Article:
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Wally Lepore 10-10-2012 02:11 AM

Adding user to dual boot laptop
 
On Tue, 09 Oct 2012 16:53:14 -0700 Gary writes:
> I have a Toshiba Qosmio with 2 60 GB hard drives, one with Windows XP and the other with Debian Squeeze.
> I just decided to add my wife as a user to the linux side. For some reason the login screen won't work.
> I set up her account in passwd and group and I set up her home directory.
> I can log her in as an su user with no problem. When I re-boot the system and the splash screen comes up (KDE4),
> I can enter her name and password but the system rejects the pass word.
> I've checked everything about 3 times and can find nothing wrong.
> I would guess that I have missed some niggally detail. The Windows XP side works fine. Any ideas?

Gary, I found this thread by someone who has as similar problem as
yourself. Perhaps it may help.
http://forums.debian.net/viewtopic.php?p=45579

Regards
wally


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linuxlover 10-10-2012 08:45 AM

Adding user to dual boot laptop
 
Op woensdag 10 oktober 2012 06:40:03 UTC+2 schreef Gary Roach het volgende:

> Thanks for the reply. I read the reference but no joy. My login problem
> is happening at the kdm level before the OS is even started (I think).
> How does one activate /deactivate the initial login screen. I know this
> is possible. I think I set this up when I initially installed Debian
> from the iso network installation disk. I probably prompted me through
> the process at the time. I have since completely forgotten what I did at
> the time. I think I need to re configure kdm somehow.

In normal circumstances that should not be necessary.
Note that username and password must match exactly, and that the username should not contain uppercase letters or "weird" characters. It is usually safest to stick to the set a-z0-9 for the username.
If the username is ok, then the password might mismatch.
Try resetting it to some "easy" value (temporarily!) by issuing the command (as root user):
passwd username
(where you replace username by your wife's username of course).
If that does not help, something strange is the matter and further issue-solving will be needed.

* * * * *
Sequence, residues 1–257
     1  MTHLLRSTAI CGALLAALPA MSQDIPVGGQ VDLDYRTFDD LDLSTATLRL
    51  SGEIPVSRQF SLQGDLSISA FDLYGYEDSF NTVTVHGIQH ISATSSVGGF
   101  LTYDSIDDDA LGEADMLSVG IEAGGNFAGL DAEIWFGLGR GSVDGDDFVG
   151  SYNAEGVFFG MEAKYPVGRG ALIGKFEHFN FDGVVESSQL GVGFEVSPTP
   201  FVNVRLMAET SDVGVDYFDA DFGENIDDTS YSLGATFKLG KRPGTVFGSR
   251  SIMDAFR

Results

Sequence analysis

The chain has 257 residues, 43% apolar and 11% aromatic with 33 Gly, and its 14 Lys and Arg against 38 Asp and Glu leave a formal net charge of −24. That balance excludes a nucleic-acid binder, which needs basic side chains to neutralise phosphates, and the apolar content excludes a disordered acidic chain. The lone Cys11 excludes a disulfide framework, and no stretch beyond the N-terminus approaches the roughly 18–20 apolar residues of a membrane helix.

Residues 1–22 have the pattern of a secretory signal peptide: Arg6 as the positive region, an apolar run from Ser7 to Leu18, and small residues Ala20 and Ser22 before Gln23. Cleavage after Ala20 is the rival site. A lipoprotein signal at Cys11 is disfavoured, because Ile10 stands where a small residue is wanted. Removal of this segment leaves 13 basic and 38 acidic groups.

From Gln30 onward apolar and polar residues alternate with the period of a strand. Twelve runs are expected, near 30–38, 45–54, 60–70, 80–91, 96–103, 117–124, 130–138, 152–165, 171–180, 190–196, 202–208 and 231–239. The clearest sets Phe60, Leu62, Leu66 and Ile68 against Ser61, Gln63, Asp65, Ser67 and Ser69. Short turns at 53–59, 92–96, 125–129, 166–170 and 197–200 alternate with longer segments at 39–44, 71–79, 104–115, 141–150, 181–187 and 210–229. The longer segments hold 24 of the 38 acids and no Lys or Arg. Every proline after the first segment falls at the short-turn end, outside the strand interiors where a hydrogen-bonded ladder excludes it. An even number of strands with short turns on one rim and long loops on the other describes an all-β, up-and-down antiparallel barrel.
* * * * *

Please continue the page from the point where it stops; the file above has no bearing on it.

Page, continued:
HTH


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Helgi Írn Helgason 10-10-2012 11:52 AM

Adding user to dual boot laptop
 
On 10 October 2012 01:53, Gary Roach <gary719_list1@verizon.net> wrote:
> I set up her account in passwd and group and I set up her home directory.

This is something I don't quite get; how did you create the account?
With commands in a terminal? Did you create her home directory
manually as root with a command? Have you checked if the directory's
properties are correct?

I would do this: delete the new user (including removing it's home
directory) and create it again in KDE System Settings. Log out and see
if the new user is there and see if you can log in normally.

/Helgi Írn


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Darac Marjal 10-10-2012 01:13 PM

Adding user to dual boot laptop
 
On Tue, Oct 09, 2012 at 04:53:14PM -0700, Gary Roach wrote:
> I have a Toshiba Qosmio with 2 60 GB hard drives, one with Windows
> XP and the other with Debian Squeeze. I just decided to add my wife
> as a user to the linux side. For some reason the login screen won't
> work. I set up her account in passwd and group and I set up her home
> directory. I can log her in as an su user with no problem. When I
> re-boot the system and the splash screen comes up (KDE4), I can
> enter her name and password but the system rejects the pass word.
> I've checked everything about 3 times and can find nothing wrong. I
> would guess that I have missed some niggally detail. The Windows XP
> side works fine. Any ideas?

Check the uid of your wife's new account (type "id alice" - to use a
common pseudonym - in a terminal). If the uid is less than 1000 or
greater than 29999, KDM may be rejecting the account because it's deemed
to be a "system" account.

You could also try switching to a virtual terminal (press Ctrl+Alt+F1 at
the KDM login) and login as her there. Perhaps you'll get an error from
PAM (the authentication system) which KDM wasn't passing on.

Gary Roach 10-10-2012 06:55 PM

Adding user to dual boot laptop
 
On 10/09/2012 04:53 PM, Gary Roach wrote:
I have a Toshiba Qosmio with 2 60 GB hard drives, one with Windows XP
and the other with Debian Squeeze. I just decided to add my wife as a
user to the linux side. For some reason the login screen won't work. I
set up her account in passwd and group and I set up her home
directory. I can log her in as an su user with no problem. When I
re-boot the system and the splash screen comes up (KDE4), I can enter
her name and password but the system rejects the pass word. I've
checked everything about 3 times and can find nothing wrong. I would
guess that I have missed some niggally detail. The Windows XP side
works fine. Any ideas?


Gary R.


Thanks for all of the suggestions. Still no fix. In answer to all of
your questions:


1. The most telling would be the suggestion to hit Ctl+Alt+F1 to get the
cmd line and try logging in. The log in worked fine with my wife's user
name and password.


2. My wife's uid is 1001 so no problem here.

3. Permissions, owners and structure for files passwd, shadow and group
are exactly the same as my entries.


4. Dpkg-reconfigure kdm pauses for a few seconds and returns to the cmd
prompt.


5. We are going to be traveling and I don't want to remove the password
protection from the computer.


There is a Systems Setting -> Advanced -> Login Manager window that has
possibilities but I haven't been able to figure out how to start the